In what can only be described as sheer desperation, evolution scientists are now trying to force down our throats the claim that “macroevolution is microevolution writ large – add up enough small changes and you get big changes”. This claim is not true. Add up enough small changes and you get lots of small changes. Put a pair of dogs from Africa in the Arctic and – assuming they survive – given enough time they and their offspring will produce – through small changes – thicker skin, thicker fur, slivered eyes and so on. But those dogs will never become another species. They will always remain dogs. That’s the difference between macro and microevolution. The astounding part of Collins and Gibberson’s argument is that we are supposed to take the claim that “macroevolution is microevolution writ large” on faith. We are not supposed to critically examine their best attempt to get people to believe in macroevolution (and hence, evolution).
Evolution Bloopers and Blunders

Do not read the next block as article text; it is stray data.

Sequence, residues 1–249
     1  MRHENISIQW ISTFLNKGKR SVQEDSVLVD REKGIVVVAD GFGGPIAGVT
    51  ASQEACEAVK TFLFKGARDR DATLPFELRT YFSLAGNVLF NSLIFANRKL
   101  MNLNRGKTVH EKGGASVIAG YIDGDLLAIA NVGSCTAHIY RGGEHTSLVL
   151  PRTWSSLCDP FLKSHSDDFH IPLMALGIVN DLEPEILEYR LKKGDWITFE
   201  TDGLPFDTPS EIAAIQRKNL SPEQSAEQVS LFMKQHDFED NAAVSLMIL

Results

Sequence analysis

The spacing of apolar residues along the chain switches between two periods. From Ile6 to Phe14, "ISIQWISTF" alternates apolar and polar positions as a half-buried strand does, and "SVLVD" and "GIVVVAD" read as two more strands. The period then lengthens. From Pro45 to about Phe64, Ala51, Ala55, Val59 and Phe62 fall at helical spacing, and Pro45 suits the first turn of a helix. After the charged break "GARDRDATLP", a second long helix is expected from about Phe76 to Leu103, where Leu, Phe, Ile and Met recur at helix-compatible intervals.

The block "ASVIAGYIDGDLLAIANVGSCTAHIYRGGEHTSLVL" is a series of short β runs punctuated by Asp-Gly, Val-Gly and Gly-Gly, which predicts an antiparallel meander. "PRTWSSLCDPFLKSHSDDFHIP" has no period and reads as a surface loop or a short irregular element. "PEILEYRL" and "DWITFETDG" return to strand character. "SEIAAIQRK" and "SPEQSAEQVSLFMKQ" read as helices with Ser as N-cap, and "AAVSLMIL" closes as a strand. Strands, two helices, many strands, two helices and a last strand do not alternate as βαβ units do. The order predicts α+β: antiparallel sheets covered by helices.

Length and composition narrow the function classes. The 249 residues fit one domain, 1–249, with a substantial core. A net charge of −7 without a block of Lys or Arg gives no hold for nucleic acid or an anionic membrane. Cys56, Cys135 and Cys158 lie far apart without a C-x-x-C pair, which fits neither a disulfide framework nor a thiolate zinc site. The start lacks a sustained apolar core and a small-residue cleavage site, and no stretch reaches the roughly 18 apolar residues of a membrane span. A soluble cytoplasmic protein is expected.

Darwinian evolution has lost a certain amount of credibility in my eyes by some scientists who are so over-zealous and over-confident in their theory that they will stoop to any level to get people to believe it. Recall “The Piltdown Man,” when a paleontologist discovered a skull and a jawbone – the jawbone resembling a monkey’s. The discovery was hailed the “Dawn man” and “the missing-link” (evidence that supposedly would support “macroevolution”, the leap between species). The evolution community accepted the “Piltdown man” and replicas were placed in every major museum in the world and believed upon by millions of students for 40 years until it was discovered to be a hoax! The skull was not 500,000 years old, but only 2,000 years old (young earther’s love that fact!) and the jawbone was merely a few decades old. They then examined it under a microscope and found that the teeth had been filed down carefully to resemble human teeth. The whole thing had been stained with iron salts and bicromate to make it appear to be very old. Now there’s objective science for you!